pro-life activist – is this generation’s Matrix. Abby Johnson
(ably played in the movie by Ashley Bratcher) is our Neo. As for the
empire of intelligent machines that has pulled a veil over its
dehumanising activities, well, that would be Planned Parenthood.
By George Dunlap, May 20, 21019, Do we stand and watch or say “enough is enough”! As many of you know this is a topic very dear to my heart as a Catholic and Citzen of the World. We have the power and we must pray to God to bless us the mental strenght to Say NO! We must not wait for permission, but pray for action.
Something out of the ordinary happened this past week. On Saturday, over 10,000 people walked the streets of Rome in defense of children in the womb. Italian lay people have organized a march for nine years now, and it grows – despite no support from the Italian bishops – including the pope. On Friday, Francis did encourage members of the Catholic Medical Association to “defend life,” though so vaguely that you couldn’t tell whether he was talking about abortion, euthanasia, immigration, climate, poverty – or all of them (more of this below). But as usual no Italian bishops participated in the Marcia– they’ve been saying that they don’t want it to be seen as only “Catholic,” though why is not clear. And that they prefer to work through elected officials rather than public protest (though they seem to support other public demonstrations, e.g., on immigration and poverty, and don’t have any natural partners in government now that the Christian Democrats have splintered). Italian television, accordingly, didn’t even mention the march occurred. The lone Italian prelate in the past, Archbishop Viganò, was missing, for good reasons. None of this was out of the ordinary. And neither, basically, were the large pro-life marches in London last week and Ottawa. There are marches in many other countries in Europe and Latin America as well, though we rarely hear about them outside of the Catholic press, and not very much even there. No, the real novelty is that Alabama essentially banned abortion last week with a bill that was passed by the legislature and signed into law by governor Kay Ivey who, like large numbers of women, believes abortion is the taking of innocent human life.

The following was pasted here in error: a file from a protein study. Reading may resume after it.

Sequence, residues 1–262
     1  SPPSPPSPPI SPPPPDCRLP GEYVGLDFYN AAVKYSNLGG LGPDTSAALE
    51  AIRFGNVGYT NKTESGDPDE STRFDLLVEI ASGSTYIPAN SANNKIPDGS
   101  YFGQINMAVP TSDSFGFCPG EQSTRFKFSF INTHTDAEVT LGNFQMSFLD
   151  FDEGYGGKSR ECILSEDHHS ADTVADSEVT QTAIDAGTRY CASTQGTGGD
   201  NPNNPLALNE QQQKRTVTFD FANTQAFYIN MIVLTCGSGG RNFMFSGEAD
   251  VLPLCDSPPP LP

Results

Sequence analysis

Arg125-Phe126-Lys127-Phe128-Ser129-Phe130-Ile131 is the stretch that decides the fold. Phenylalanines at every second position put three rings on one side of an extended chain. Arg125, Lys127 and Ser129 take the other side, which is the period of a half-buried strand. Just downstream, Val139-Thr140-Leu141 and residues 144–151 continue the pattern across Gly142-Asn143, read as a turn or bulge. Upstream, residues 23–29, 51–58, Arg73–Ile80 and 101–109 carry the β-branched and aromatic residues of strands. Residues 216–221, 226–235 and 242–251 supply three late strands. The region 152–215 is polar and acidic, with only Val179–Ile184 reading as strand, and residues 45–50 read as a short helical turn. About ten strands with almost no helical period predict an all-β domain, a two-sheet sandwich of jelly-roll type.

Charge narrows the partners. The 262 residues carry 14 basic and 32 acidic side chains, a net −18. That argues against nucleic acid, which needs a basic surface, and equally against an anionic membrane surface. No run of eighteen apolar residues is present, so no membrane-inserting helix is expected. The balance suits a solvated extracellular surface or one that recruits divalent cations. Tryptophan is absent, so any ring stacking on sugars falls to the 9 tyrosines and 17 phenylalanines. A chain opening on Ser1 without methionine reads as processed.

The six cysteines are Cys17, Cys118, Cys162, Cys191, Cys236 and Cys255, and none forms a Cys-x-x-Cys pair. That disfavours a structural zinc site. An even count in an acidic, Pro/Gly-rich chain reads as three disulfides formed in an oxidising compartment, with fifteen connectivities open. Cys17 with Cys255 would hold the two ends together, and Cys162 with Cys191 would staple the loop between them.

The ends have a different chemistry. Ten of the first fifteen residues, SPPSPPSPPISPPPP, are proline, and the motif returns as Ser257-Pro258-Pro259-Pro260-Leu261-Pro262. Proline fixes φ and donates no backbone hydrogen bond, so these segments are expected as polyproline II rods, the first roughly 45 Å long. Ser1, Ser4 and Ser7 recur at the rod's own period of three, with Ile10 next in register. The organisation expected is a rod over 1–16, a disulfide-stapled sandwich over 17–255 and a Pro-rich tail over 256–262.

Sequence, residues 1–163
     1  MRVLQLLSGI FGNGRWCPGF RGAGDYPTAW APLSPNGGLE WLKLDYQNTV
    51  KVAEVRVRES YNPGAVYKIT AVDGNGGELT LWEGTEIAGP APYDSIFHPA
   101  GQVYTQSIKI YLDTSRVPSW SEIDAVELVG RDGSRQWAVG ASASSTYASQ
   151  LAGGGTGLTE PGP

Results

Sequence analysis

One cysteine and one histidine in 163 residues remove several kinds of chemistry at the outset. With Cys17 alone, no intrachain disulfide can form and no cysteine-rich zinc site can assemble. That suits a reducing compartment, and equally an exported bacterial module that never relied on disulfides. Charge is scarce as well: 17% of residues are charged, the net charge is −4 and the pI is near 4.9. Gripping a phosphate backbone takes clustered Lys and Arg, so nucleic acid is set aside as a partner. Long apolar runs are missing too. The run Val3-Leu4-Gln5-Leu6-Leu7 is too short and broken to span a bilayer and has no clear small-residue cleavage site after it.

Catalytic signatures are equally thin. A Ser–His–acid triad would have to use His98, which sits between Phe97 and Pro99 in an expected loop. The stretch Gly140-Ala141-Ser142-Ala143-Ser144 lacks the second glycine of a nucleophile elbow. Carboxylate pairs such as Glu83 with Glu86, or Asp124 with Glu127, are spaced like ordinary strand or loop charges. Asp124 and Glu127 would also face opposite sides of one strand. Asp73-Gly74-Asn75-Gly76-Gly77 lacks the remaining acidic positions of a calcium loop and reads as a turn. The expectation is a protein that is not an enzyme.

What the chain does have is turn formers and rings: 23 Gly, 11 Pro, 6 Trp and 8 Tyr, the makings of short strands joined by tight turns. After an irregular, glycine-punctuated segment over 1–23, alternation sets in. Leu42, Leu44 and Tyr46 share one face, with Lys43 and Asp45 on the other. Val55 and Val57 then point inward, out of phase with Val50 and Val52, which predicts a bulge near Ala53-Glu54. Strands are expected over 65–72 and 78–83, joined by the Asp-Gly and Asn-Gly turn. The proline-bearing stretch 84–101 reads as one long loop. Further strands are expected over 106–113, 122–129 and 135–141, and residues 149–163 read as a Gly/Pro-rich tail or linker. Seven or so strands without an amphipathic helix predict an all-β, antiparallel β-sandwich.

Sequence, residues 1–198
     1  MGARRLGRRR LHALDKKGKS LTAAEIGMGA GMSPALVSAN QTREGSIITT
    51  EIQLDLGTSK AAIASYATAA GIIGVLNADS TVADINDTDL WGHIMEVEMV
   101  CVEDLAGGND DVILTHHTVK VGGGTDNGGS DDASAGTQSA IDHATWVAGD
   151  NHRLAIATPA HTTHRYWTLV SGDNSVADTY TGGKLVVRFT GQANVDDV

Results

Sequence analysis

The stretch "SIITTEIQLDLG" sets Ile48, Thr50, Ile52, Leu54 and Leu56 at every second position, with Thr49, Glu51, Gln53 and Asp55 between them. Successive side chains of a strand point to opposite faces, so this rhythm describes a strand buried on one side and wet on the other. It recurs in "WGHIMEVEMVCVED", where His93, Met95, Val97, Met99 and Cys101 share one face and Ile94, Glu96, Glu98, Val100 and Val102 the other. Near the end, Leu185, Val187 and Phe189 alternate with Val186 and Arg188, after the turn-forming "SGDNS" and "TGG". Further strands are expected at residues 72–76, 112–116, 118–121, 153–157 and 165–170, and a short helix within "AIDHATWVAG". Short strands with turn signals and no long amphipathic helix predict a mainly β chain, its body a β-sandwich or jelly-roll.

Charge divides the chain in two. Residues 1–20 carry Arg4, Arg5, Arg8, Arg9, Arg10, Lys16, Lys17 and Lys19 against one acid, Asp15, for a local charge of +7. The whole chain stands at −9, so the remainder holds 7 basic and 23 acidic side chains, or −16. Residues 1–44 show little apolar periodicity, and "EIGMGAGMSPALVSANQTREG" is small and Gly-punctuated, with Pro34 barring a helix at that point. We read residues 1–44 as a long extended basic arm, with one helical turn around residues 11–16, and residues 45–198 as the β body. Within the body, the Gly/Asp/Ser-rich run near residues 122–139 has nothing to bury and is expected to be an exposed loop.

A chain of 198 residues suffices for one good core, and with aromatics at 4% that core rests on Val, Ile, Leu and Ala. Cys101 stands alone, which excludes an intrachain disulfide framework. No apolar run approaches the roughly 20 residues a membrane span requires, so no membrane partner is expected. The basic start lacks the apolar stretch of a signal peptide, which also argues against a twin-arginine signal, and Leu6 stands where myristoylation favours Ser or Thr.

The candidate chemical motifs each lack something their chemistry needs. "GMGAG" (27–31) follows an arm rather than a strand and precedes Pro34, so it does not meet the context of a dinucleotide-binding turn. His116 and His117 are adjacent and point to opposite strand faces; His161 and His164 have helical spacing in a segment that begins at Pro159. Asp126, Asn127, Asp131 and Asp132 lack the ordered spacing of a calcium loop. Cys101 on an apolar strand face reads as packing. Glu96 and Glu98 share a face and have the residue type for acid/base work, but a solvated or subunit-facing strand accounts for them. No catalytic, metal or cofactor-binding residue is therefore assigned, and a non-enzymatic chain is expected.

By George Dunlap, May 6, 2019. This conversation between Eric Metaxes andPeter Kreeft, Author, Symbol or Substance,on the Eric Metaxes Radio Show, is about the book Symbol or Substance, just released, a possible dialog between. C. S. Lewis, Billy Graham, and Tolkien. It is more than an explanation of what transubstantiation is; it’s a more refined explanation in a dialog form, of the different understandings of what truly (a Catholic truth…) transubstantiation represents in the House of God at the alter. This you tube conversation is more that a conversation about a book, it’s a conversation about why we as Catholics are truly unique in our faith, yet as Christians we all are Blessed in Jesus Christ.